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Qualcomm wants $ 31 million from Apple for alleged patent infringement

And we are again with the latest developments of the legal battle between Apple and Qualcomm Now, directly from San Diego (California), where another trial of the microchip giant is being tried against Ma and audiences are running wild.

The latest information, coming directly from CNET, reports that Qualcomm has set the amount it claims for damages from Apple: $ 31 million, or about $ 120 million. That's $ 1.20 for each Apple-shipped iPhones that Apple says infringe its patents.

The amount, according to Qualcomm, was calculated with the help of economist Patrick Kennedy, who attended the San Diego court as prosecution witness; he took into account iPhones sold from July 2017 onwards with Intel modems. As is well known, Apple started to transition to Intel parts on iPhones as early as 2016, and the latest models of the company use only these modems.

The damages, according to Qualcomm, refer (allegedly) infringement of three patents:

  • One that allows the smartphone to quickly connect to the internet right after it is turned on;
  • One that deals with the graphics processing and the battery of the apparatus;
  • One that allows device applications to download data more easily by dividing traffic between the processor and modem.

Naturally, for a multibillion-dollar company like Apple, a $ 31 million payment is just a change. Still, Ma must fight tooth and nail to escape conviction not for the harm itself, but because such a decision would set a precedent for other, possibly worse, consequences in other lawsuits going on around the world.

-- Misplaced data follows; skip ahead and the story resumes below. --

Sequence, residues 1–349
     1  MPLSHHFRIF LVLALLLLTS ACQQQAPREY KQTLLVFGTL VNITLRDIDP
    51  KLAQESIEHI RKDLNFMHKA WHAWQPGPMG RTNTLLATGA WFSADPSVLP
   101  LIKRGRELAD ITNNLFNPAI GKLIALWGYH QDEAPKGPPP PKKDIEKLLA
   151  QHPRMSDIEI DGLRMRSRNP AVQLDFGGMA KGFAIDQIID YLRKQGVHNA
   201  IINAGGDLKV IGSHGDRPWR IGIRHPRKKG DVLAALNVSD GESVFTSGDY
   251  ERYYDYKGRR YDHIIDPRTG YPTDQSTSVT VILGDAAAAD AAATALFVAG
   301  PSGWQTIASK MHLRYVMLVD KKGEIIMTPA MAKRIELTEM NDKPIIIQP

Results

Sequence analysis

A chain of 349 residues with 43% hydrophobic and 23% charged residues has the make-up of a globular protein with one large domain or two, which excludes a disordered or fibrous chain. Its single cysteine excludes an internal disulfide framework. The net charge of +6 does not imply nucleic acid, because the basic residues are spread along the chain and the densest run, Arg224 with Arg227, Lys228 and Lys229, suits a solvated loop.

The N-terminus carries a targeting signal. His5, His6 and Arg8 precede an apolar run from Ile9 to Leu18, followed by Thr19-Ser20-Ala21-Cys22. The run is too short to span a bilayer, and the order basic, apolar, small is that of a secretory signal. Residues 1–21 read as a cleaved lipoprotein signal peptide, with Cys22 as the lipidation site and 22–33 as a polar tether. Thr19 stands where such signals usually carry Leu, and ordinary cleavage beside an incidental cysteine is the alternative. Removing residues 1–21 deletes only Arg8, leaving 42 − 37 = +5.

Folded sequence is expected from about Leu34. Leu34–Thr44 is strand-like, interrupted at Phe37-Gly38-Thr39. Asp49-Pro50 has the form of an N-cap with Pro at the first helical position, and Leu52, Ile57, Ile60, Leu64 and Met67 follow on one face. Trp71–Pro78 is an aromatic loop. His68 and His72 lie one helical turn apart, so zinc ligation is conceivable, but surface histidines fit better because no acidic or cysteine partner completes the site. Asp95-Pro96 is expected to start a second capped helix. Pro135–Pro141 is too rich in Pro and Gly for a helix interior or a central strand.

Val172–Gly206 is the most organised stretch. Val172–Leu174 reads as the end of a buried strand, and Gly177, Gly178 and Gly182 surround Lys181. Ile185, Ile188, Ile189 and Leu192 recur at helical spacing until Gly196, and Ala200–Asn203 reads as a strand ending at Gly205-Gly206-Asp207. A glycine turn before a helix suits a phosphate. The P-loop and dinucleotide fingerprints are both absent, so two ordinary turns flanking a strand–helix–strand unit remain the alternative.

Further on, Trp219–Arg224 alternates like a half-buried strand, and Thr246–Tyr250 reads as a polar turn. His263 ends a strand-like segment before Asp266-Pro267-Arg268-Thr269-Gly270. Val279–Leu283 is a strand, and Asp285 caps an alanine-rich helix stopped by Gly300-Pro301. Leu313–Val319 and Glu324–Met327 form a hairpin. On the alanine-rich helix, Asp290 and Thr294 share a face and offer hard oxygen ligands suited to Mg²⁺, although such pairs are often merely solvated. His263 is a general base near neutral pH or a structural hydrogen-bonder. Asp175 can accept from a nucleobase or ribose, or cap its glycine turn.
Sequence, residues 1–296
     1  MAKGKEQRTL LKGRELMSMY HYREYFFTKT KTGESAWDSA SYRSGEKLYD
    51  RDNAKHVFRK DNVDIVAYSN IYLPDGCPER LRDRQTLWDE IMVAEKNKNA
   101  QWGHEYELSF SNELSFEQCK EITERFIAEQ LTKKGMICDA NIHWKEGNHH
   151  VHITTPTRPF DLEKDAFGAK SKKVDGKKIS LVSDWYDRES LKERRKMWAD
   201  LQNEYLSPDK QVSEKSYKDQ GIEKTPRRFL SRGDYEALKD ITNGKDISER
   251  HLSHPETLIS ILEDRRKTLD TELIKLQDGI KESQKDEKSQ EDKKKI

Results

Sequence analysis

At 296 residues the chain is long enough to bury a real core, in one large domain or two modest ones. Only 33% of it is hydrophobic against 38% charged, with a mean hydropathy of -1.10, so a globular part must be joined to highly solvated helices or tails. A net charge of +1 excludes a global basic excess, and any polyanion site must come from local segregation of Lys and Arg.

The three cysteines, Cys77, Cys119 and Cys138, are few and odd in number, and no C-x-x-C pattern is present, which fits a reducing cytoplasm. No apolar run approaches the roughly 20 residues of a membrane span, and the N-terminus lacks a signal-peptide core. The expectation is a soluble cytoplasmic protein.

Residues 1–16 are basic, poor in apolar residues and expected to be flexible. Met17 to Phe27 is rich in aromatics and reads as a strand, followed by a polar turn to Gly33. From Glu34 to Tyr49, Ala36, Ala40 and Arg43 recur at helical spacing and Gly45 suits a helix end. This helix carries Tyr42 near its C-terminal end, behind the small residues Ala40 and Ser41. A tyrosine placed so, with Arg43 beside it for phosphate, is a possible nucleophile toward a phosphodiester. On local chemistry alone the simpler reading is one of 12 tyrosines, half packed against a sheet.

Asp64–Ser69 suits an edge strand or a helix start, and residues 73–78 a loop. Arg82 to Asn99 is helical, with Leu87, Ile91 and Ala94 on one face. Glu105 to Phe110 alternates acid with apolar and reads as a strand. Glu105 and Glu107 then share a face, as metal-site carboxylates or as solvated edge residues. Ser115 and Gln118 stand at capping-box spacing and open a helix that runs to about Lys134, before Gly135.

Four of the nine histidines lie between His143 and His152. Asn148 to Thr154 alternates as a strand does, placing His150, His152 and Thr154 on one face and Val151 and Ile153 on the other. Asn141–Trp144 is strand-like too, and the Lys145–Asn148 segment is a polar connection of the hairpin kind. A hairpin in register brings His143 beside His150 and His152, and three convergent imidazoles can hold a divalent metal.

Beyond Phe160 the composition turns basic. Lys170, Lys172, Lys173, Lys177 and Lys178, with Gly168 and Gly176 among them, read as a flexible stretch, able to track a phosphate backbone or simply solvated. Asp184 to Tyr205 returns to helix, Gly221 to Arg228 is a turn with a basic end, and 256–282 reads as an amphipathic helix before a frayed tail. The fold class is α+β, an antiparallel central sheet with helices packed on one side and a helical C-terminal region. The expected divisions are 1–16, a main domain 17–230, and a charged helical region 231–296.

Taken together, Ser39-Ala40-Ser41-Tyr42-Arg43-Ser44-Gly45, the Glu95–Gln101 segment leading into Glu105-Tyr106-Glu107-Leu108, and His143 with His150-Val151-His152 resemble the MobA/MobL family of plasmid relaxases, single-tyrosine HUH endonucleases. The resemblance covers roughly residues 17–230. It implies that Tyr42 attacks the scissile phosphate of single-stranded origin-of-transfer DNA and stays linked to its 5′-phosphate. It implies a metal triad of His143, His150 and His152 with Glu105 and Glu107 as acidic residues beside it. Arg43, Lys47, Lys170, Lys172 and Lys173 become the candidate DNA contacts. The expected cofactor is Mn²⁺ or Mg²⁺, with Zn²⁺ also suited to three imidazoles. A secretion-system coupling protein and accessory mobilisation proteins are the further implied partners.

Witness goes against Apple

In our last article on the case, we talked about the imbroglio involving Arjuna Siva: The engineer, while working at Apple, was said to have been the chief inventor of one of the patents cited by Qualcomm; The chipmaker would later have ignored his contribution and filed the patent without his name.

That, of course, was Apple's version. After a week of indefinitions she would testify or not, Siva finally came to court to share her version of the story, and she doesn't exactly match Ma's: according to the engineer, he actually participated in the creation of technology, but doesn't consider himself her inventor. .

He stated that he was ?surprised? and ?upset? when he found out that Qualcomm had registered the patent without his name, but at the same time was proud:

something that I fondly remember. I was a boy who had been two and a half years from college and it was an important thing for me.

The testimony, therefore, is not exactly favorable for either company while Apple put Siva as inventor of the technology, Qualcomm claimed that he had no input in the process.

We are waiting for the next chapters of this story.

via Apple World Today, AppleInsider